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Star shine, moon glow from Water Life collection by Aida Muluneh commissioned by WaterAid and supported by H&M Foundation

Ethiopian Artist Aida Muluneh's 'Water Life' Is a Response to the Urgent Threat of Water Scarcity

The photo series, shot in the hottest place on earth, will be showing at Somerset House in London starting this September.

The Ethiopian artist Aida Muluneh will bring her highly-acclaimed photo series "Water Life" to London's Somerset House this September, as part of the creative institution's "ongoing strand of environmental programming." The highly-acclaimed series addresses water scarcity—particularly its grave impact on the wellbeing of women and girls.

Described as an "afrofuturist work," the series was shot in Dallol, Afar in Ethiopia, an extreme setting known to have the hottest and driest conditions on earth. "Taking inspiration from traditional ornamentation and body paint from across the African continent, the Ethiopian-born artist has explored not just issues of water scarcity and ecological emergency but also the vital role of art in advocacy and how Africa is represented in global media," reads a description of "Water Life."


Behind the scenes: Aida Muluneh's Water Life photography shoot in Dallol, Afar, Ethiopia, July 2018.

The artist adds that with the series, she wanted to use art as a tool to challenge commonly held notions about African life. "My main goal in building this collection is to address the issues caused by a lack of access to clean water, and the impact that has not only on a society as a whole, but on women, particularly in rural regions," she says Muluneh "We cannot refute that it is mainly women who bear responsibility for collecting water, a burden that has great consequences for our future and the development of our nation. My focus in this project was to address these topics without the cliché that we see in mainstream media. In a sense, to advocate through art."

The project was commissioned by WaterAid with support from the H&M Foundation. "We're so excited to be collaborating with artist Aida Muluneh and Somerset House on 'Water Life'. Aida's unique and compelling vision, expressed through this collection, not only brings women's experiences centre-stage but also helps catalyse real change," said Neil Wissink, Photography Manager at WaterAid. "We're proud, as an NGO, to have been able to work with an artist of Aida's calibre, bringing our issues to light in a wholly new and exciting way."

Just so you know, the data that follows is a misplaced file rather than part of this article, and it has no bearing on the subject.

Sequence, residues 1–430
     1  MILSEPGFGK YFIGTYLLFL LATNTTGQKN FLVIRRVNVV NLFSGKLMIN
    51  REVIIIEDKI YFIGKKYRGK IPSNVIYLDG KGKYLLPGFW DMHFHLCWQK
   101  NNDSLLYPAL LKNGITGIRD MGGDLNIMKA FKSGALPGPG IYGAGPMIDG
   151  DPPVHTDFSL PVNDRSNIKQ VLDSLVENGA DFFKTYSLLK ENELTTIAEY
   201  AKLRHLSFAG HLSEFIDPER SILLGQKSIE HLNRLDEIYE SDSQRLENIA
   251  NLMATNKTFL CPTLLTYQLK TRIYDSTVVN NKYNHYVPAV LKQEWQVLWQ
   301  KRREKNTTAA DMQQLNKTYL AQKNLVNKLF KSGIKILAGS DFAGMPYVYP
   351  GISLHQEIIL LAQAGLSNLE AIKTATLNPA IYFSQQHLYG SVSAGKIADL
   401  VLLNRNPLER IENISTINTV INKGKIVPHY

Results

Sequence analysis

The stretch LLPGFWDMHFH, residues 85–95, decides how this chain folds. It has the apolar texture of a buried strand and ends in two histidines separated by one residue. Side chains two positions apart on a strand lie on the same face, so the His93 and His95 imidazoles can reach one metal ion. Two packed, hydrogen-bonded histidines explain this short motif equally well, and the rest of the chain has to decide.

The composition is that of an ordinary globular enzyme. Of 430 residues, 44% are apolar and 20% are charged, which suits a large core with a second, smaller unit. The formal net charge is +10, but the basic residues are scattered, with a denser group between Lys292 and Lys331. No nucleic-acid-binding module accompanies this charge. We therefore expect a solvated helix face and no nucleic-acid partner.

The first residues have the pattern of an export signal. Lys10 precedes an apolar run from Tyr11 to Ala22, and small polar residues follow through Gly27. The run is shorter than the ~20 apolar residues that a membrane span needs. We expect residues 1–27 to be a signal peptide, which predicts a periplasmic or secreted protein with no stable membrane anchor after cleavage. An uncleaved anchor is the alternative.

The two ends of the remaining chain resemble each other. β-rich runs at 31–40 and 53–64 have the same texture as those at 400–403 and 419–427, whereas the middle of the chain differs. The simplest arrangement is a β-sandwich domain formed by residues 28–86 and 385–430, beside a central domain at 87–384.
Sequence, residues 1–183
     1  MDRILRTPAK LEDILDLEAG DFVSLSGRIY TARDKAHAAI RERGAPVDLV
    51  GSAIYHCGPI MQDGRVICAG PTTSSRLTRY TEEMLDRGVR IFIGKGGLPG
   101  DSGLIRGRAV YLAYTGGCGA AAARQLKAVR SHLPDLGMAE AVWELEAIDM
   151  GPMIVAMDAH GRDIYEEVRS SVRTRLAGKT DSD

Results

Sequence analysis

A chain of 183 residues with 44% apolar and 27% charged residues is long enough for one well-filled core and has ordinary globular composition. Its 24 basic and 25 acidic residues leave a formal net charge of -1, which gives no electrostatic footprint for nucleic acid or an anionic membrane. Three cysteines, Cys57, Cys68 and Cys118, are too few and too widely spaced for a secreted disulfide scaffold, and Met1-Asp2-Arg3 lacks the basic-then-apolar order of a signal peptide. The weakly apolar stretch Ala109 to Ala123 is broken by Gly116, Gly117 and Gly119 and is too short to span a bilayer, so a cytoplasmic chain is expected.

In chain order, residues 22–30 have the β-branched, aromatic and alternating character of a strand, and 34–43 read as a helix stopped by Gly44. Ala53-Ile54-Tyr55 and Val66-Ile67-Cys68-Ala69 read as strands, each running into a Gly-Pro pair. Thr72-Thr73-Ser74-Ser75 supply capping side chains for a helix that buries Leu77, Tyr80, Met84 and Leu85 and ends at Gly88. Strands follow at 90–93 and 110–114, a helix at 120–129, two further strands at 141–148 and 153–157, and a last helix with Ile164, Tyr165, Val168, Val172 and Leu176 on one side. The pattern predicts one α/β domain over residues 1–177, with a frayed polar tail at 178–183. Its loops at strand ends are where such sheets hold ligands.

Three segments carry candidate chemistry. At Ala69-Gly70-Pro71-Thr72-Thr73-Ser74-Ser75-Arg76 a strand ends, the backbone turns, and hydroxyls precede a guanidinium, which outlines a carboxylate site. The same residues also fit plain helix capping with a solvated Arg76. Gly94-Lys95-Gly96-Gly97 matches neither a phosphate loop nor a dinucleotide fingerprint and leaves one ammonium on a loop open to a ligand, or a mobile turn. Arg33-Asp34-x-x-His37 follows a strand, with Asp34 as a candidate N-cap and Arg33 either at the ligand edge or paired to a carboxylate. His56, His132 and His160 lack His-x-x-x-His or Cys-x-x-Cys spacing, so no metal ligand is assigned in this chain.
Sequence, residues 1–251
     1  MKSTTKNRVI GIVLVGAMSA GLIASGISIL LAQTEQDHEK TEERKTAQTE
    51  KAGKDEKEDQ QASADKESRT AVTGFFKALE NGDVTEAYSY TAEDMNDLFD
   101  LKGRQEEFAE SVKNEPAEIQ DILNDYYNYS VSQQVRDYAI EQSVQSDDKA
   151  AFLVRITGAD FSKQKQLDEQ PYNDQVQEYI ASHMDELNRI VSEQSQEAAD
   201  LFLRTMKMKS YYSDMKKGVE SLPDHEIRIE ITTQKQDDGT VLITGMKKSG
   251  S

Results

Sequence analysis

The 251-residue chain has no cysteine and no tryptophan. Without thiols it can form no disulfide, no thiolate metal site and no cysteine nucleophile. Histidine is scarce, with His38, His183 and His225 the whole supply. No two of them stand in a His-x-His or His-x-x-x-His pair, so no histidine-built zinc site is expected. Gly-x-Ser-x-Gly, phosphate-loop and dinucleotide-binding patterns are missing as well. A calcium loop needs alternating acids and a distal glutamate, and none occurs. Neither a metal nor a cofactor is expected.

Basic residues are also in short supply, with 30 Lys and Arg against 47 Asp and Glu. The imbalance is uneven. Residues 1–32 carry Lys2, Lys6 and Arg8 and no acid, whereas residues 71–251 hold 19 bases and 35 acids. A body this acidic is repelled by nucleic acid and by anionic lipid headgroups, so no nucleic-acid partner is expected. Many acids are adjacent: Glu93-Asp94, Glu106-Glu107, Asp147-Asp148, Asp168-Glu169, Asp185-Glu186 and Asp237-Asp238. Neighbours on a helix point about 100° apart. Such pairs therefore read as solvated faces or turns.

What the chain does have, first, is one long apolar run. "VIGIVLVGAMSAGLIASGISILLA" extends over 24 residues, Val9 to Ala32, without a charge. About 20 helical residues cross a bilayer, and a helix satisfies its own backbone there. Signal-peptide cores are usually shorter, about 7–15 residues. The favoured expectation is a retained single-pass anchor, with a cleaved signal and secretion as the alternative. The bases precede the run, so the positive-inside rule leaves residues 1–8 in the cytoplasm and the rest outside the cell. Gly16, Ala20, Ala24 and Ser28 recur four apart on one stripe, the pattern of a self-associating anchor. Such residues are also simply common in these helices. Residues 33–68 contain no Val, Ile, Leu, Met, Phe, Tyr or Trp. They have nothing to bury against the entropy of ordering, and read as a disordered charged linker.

The 12-image series will be on display from September 24 to October 20 at Somerset House in London. Preview more images from 'Water Life" below.

Knowing the way to tomorrow from Water Life collection by Aida Muluneh commissioned by WaterAid and supported by H&M Foundation


A woman's work from Water Life collection by Aida Muluneh commissioned by WaterAid and supported by H&M Foundation

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Photo by Luxolo Witvoet.

'Journey With Me' Is a Window Into the Ups and Downs of Traveling by Train In South Africa

In his new photo series, South African artist Luxolo Witvoet, speaks to everyday people in Cape Town about their experiences commuting via the city's fragile, yet vital train system.

Luxolo Witvoet is a 25-year-old multidisciplinary artist and photographer from Cape Town. In his latest series "Journey With Me," Witvoet set out to document the stories of South Africans commuting to and from work, school, and job hunting. While simply riding on the train might seem like a mundane, everyday act, the train holds special significance in South African history. "During apartheid, the train was the choice of transport that our forefathers & mothers used to travel long distances from one province or state to the next in search of work and a better tomorrow for their offspring—us," says Witvoet. His connection to the train is a personal one, directly linked to his family lineage. "My nineteen year old late grandmother travelled from her birthplace, Aliwal North to relocate to Cape Town using the train. While in Cape Town, she would eventually find work as a maid and she would meet her husband on the train en route to work," he adds.